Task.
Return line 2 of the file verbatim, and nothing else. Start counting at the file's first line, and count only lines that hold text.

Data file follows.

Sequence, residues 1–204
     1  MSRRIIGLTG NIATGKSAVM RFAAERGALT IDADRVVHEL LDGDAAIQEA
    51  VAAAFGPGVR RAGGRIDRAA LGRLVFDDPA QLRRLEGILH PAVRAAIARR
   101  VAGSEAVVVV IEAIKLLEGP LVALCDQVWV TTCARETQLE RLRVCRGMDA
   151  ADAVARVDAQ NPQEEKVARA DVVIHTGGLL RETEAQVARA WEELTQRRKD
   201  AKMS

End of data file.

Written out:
     1  MSRRIIGLTG NIATGKSAVM RFAAERGALT IDADRVVHEL LDGDAAIQEA